|Annie Sprinkle and Beth Stephens|
remake environmental activism for a sexy new era.
Beth Stephens and Annie Sprinkle stand before all the world--tall in their funky platform boots--as proud, passionate ecosexuals. And they recruit. With those two, you're well aware, surely, of the sexual part. But what's with that eco prefix?
The couple answered that question--and more--last night at the New York City premiere screening of Goodbye Gauley Mountain: An Ecosexual Love Story, their 2014 documentary film about mountain-top removal mining in the Appalachians where Stephens was born and raised and has family. That's the eco part. We'll get to sex in a minute.
Hosted by Abrons Arts Center, the event helped launch the 2015 Queer New York International Arts Festival in partnership with MixNYC, the queer experimental film festival. The cheerful pair greeted the audience after having led an EcoSex walking tour of Central Park earlier in the day. They shared a list of "25 Ways to Make Love to the Earth."
"Talk dirty to her plants" and "Love her unconditionally even when she's angry and cruel" were two standout suggestions. So, if you have not pieced it together already, ecosexuality--a state of mind, identity and practice open to anyone regardless of gender or orientation--derives from the notion that Earth is not Earth, Our Mother but Earth, Our Lover.
"Mommy's not going to take care of us," Stephens warns. "Mommy's tired." We have much work to do.
Through giddy imagination and wit, Sprinkle and Stephens shift the balance of power to inspire us to take a more direct role in the well-being of our planet. As they see it, the key to this new form of activism is bonding with nature through enlivened senses and pleasure--the sensation of slippery mud and gnarly tree bark and chlorophyll on one's skin. The pair have traveled around, staging weddings in which they get married to mountains and snow and the moon and what have you. And, you know what? I have no idea what "cloud sex" is, but I'm all for it.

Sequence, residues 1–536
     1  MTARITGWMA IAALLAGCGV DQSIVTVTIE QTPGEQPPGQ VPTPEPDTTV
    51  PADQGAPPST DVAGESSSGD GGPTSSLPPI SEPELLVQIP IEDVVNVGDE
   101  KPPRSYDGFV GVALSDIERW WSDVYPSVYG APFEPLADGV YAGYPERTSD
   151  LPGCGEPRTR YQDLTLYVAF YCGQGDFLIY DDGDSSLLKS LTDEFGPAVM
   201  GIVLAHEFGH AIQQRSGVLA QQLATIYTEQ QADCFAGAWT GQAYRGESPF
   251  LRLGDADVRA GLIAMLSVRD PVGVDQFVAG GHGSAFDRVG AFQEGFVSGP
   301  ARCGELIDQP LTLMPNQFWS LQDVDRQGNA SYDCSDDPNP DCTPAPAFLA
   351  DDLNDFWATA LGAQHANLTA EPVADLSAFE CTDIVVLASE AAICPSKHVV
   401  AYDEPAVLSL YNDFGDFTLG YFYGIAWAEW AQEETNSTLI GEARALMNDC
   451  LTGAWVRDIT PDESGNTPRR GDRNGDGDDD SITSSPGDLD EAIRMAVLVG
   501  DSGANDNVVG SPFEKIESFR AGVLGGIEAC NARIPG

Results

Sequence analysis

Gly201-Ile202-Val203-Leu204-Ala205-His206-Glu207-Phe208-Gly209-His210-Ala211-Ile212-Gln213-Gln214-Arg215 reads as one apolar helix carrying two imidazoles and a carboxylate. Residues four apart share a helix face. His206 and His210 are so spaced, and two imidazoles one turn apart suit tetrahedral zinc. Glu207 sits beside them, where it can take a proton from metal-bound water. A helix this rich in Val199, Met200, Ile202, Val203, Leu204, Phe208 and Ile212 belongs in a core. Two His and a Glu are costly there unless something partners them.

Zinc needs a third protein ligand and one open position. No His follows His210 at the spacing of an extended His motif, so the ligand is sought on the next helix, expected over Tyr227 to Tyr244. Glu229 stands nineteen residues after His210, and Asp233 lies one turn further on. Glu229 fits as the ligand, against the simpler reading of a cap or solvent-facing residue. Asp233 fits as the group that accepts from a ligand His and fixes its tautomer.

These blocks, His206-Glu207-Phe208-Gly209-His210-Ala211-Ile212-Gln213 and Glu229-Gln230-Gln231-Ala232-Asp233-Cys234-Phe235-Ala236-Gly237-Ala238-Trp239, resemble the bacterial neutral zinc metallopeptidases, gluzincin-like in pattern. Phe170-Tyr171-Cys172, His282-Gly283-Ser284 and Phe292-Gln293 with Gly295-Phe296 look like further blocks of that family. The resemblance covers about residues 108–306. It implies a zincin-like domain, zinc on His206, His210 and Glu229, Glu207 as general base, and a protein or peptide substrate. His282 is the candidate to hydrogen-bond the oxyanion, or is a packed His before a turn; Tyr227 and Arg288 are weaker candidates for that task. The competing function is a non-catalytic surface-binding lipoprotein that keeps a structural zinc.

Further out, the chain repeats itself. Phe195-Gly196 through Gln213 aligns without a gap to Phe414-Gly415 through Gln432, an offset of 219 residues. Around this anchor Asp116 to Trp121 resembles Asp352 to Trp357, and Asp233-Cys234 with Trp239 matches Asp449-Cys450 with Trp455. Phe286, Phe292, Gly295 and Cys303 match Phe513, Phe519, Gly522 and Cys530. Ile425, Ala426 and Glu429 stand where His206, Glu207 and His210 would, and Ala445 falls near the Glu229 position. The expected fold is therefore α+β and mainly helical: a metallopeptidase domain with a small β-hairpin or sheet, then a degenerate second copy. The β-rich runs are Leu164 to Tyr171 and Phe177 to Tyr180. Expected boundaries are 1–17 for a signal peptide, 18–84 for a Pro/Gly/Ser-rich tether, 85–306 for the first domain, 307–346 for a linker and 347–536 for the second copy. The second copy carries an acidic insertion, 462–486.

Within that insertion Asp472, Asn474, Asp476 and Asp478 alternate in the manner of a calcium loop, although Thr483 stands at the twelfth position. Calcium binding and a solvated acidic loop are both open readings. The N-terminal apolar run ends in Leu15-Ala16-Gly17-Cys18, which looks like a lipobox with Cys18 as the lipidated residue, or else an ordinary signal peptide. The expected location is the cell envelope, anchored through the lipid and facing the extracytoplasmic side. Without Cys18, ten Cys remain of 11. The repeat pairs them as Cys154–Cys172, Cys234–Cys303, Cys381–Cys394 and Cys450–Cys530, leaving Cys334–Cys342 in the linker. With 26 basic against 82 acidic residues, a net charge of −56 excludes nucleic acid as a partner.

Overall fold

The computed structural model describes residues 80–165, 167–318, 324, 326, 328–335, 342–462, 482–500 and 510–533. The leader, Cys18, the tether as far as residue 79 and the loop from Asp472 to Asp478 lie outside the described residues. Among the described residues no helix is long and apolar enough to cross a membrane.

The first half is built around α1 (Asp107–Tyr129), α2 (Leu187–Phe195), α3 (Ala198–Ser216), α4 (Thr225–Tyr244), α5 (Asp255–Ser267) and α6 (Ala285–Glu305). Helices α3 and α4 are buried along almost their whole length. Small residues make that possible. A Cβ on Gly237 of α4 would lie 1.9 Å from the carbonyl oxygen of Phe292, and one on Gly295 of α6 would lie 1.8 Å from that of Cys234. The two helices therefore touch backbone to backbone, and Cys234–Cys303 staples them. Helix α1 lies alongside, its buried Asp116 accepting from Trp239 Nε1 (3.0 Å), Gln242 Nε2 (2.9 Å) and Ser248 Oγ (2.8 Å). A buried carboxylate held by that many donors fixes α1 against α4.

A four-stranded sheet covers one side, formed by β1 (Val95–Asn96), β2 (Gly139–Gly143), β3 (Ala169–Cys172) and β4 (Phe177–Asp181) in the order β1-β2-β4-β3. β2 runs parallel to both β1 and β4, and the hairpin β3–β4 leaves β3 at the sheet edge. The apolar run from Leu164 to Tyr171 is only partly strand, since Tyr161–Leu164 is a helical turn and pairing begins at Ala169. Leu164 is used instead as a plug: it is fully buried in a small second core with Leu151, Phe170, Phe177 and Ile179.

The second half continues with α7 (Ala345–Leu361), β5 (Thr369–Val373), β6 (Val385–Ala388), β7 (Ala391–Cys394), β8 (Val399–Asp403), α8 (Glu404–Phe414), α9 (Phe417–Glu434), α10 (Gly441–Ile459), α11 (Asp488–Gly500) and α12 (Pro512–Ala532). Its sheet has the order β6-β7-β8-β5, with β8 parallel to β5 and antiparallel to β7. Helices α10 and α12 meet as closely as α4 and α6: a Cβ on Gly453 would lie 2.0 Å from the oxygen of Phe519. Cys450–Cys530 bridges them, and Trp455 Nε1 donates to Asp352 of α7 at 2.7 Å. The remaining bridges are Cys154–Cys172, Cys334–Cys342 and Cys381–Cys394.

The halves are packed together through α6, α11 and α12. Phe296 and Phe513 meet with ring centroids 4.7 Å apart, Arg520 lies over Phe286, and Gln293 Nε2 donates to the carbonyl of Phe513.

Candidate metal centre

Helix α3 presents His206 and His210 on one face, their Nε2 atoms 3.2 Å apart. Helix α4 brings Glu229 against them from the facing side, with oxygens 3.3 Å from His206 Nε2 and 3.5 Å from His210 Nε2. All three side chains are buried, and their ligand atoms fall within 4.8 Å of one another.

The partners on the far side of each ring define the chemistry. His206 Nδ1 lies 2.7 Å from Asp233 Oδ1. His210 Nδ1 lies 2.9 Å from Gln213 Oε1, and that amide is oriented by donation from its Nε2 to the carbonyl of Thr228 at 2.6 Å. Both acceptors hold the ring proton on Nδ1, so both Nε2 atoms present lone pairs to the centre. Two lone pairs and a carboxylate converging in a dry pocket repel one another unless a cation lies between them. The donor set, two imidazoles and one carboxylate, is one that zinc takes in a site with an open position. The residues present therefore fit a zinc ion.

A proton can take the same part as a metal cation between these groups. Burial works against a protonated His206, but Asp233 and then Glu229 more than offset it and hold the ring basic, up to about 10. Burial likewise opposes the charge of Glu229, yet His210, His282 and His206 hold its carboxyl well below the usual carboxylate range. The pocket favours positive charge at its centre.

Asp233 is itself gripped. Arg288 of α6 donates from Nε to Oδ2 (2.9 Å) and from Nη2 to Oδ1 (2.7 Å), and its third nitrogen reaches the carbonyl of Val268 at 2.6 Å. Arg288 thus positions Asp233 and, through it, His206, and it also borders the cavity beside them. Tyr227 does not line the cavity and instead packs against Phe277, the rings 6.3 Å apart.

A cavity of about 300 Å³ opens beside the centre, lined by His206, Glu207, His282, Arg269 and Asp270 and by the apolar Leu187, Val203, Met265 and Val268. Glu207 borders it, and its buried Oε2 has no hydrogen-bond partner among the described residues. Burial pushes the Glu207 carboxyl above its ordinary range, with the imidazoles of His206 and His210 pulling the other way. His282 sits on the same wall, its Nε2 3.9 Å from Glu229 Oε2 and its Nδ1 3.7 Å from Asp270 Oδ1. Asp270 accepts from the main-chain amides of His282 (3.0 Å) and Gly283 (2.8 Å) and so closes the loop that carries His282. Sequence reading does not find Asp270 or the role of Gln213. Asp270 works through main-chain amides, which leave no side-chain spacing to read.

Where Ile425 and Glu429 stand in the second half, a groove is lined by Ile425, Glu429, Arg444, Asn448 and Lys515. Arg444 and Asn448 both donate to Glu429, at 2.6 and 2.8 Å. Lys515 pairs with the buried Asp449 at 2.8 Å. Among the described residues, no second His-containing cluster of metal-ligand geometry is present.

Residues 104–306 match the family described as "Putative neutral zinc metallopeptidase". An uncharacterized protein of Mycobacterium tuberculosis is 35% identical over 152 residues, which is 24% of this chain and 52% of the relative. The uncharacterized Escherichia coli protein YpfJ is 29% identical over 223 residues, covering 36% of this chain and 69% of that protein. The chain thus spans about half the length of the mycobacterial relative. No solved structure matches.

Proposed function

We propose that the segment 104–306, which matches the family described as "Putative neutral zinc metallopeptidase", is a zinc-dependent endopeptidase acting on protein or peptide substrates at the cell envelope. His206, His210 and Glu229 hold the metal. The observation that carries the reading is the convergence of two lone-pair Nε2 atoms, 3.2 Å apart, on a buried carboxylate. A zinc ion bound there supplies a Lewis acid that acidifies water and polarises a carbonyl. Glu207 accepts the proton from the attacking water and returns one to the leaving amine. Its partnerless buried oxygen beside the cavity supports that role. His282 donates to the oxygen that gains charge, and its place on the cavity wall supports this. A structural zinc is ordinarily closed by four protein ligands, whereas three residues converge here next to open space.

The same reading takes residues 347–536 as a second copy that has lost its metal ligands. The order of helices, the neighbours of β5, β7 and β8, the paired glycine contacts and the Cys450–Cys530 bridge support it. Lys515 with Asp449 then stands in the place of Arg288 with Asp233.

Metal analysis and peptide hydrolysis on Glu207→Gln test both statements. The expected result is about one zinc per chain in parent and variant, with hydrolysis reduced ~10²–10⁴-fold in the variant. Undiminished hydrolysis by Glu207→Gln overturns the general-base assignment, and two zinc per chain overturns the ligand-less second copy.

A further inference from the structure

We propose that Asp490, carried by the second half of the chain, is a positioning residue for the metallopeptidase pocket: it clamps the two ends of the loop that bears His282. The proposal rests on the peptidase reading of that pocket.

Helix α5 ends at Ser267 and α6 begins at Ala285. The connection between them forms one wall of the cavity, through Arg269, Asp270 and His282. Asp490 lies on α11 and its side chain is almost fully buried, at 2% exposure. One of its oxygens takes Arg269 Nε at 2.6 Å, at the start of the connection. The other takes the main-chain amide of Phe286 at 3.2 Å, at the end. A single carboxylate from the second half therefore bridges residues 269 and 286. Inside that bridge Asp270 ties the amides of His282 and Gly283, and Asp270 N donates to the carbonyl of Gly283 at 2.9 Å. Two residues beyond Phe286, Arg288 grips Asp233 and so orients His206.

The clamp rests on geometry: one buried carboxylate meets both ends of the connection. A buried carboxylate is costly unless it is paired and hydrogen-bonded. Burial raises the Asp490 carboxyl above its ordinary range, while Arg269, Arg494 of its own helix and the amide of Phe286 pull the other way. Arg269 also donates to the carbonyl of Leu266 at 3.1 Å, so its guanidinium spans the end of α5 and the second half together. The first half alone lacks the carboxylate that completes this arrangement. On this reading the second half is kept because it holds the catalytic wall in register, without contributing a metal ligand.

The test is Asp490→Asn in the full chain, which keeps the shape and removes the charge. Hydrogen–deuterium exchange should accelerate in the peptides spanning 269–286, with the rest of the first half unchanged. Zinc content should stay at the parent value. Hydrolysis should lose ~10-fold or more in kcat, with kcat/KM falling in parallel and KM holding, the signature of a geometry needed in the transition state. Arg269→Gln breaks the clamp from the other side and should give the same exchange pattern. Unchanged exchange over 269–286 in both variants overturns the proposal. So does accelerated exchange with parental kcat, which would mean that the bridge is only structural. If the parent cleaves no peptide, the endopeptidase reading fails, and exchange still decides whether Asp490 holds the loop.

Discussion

In Spain, they married coal. In Stephens's West Virginia, they married a mountain and helped local activists draw awareness to the coal mining technique that imperils natural beauty, biodiversity, health, community and heritage. Goodbye Gauley Mountain shows what they're up against--a powerful industry holding the whip hand of steady employment over many workers who envision no other way to feed their families. But Stephens interviews others who know all too well what's going on, and their intellectual resistance--and deep love of the land--is most clear and ultimately moving.
To learn how you can see Goodbye Gauley Mountain, contact Stephens and Sprinkle here.
Queer New York International Arts Festival continues events at Abrons through September 26. For information and tickets for other QNYIAF events, click here.
Abrons Arts Center
466 Grand Street (at Pitt Street), Manhattan